UConn's Geno Auriemma disappointed in disparities for men's and women's teams at NCAA Tournament: 'This isn't something new'

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Ryan Morik
·3 min read
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Geno Auriemma looking perplexed on the sidelines
Geno Auriemma looking perplexed on the sidelines

Disparities at the NCAA Tournament for men's and women's team include larger swag bags for the men, much better workout facilities for the men, and much better food options for the men.

Nets star Kyrie Irving called out the NCAA on Instagram, while another video on Twitter gave people a closer look at just how big the difference is in terms of gym equipment and practice floors. Here's a comparison of the food being given to the men and women.

On Friday, UConn head coach Geno Auriemma -- who is not at the tournament after testing positive for COVID-19, but has seen photos and videos -- called the disparities “disappointing.”

“It’s disappointing when the players. ... feel as though there are things that could have been done, should be done, should be happening that aren’t happening, and it’s disappointing to hear that, because the NCAA Tournament is supposed to be the culmination of a player’s season and sometimes their career," Auriemma told reporters via Zoom. "It’s disappointing to hear and to see the reaction, and it certainly doesn’t put us, speaking women’s basketball particularly. ... in the best possible light."

Auriemma said it isn’t the first time women’s athletic programs have had to deal with these discrepancies.

“This has been, for me, as long as I’ve been in women’s basketball, this has been a lifelong issue," Auriemma said. "This isn’t something new that just kinda cropped up. You can make a case that it’s never been fair, it’s never been equitable. And not that life is supposed to be fair, and not that you expect things to magically be rectified and say ‘yeah, we see inequity and we’re gonna fix it.’ The world doesn’t move that way.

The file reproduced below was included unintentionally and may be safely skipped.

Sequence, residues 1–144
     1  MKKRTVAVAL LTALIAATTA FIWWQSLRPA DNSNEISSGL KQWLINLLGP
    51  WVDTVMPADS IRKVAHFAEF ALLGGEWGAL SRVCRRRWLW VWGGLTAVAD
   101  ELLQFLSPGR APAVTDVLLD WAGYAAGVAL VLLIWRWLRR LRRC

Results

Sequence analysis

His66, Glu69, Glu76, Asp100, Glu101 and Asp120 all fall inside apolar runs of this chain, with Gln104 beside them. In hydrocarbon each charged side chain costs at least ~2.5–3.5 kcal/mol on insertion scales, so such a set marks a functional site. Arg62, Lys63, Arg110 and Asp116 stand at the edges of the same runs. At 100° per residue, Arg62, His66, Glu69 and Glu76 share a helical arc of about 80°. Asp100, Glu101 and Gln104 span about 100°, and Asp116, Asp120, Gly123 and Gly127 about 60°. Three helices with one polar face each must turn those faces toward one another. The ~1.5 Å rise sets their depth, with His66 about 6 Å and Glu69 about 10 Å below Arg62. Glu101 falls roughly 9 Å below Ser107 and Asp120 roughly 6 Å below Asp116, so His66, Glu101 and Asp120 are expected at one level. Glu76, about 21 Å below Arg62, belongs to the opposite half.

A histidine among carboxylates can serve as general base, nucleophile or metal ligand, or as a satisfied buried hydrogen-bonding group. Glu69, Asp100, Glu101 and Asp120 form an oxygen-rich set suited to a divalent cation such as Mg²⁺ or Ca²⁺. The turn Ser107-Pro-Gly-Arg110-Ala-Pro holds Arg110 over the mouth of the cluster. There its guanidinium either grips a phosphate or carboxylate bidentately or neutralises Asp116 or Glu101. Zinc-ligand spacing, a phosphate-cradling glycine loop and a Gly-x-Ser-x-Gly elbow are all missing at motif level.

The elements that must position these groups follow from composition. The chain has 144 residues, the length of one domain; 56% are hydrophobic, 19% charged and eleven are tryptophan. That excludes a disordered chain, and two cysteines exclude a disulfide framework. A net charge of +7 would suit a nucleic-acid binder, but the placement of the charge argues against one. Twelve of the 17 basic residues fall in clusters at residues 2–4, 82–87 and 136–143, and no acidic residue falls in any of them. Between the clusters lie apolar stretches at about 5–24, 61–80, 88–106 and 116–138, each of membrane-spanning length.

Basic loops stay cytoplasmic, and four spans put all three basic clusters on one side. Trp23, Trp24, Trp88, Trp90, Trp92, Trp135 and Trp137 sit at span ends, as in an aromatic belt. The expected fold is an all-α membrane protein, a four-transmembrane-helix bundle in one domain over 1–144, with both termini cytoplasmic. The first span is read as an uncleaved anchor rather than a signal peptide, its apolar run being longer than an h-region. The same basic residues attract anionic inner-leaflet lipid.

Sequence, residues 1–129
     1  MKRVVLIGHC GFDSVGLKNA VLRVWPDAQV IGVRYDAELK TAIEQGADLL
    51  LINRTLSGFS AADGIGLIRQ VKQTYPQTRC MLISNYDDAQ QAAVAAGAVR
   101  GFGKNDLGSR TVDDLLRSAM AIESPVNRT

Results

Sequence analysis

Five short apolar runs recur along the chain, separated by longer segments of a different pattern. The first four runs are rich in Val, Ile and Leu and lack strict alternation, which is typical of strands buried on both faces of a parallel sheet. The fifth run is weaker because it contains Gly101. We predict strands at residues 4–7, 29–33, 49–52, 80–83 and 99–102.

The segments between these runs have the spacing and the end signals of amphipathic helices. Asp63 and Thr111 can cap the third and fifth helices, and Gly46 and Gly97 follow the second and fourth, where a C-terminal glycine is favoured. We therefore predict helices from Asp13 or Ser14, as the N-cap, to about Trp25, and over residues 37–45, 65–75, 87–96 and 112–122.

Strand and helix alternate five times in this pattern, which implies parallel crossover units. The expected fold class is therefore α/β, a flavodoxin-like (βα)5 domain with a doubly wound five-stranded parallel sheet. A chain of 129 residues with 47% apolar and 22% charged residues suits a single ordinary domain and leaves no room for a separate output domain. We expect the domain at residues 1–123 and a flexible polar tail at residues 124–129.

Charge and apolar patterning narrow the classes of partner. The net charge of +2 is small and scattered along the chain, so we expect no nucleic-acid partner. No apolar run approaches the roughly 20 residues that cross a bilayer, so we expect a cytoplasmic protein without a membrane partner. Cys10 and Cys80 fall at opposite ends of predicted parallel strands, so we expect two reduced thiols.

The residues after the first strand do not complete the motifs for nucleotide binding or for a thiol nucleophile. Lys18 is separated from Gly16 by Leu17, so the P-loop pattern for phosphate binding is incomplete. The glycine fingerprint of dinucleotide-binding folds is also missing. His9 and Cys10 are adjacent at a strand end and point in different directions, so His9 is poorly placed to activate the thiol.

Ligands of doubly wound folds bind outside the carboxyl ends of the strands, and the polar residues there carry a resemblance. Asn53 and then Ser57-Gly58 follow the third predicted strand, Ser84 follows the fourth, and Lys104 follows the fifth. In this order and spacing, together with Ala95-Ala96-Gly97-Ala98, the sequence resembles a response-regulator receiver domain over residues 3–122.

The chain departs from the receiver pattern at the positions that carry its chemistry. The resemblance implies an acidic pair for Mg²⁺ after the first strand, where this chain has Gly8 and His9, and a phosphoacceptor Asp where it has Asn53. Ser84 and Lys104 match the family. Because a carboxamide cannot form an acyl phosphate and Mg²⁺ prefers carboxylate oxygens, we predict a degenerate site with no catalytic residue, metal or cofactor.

"But what’s happening at the NCAA level, I think, it’s really – that’s a small sample, what’s happening. That’s a small sample of what occurs every single day on every college campus, pretty much, throughout this country."

Auriemma added that he and his program haven’t had to deal with such treatment on campus, "but it didn’t used to be that way,” he added.

“I spent 20-something years here battling the same things, whether or not we could get treated equally. Forget fairly, just equally. Or just to even get what you deserve based on what you’ve accomplished. Today, absolutely, there isn’t one issue at UConn that you can say ‘I wish we had this, we deserve this.’”

But that certainly is not the case for all women’s programs.

“But I’m in the small, small minority of women’s coaches around America,” said Auriemma. ". ... Throughout the country, women’s coaches have battled to try to get what coaches feel are things that I need to be successful. ... just think there’s a big picture there that for a lot of coaches in women’s sports, not just women’s basketball, that work just as hard as any other coach in America, and are successful, and are doing an incredible job, and they’re doing it with the resources that you would say are less than adequate relative to what the men might have.

“And that’s at every school, and that starts with every president, and athletic director, and anyone else associated with making sure that there’s some form equity, not just ‘let’s just give them enough so that they stay out of my office and stop complaining.’ … I’ve earned that success… some other places they work just has hard, they probably earned it, and it’s not happening.

"The NCAA Tournament, and the NCAA, and all this stuff, I don’t think they’re doing anything that you would say ‘wow, that’s just completely out of the ordinary’. It’s not. It’s not. It just follows with kind of the way things are and the way they’ve always been. Unfortunately now, players have put it out there, and it’s gonna have to be dealt with.”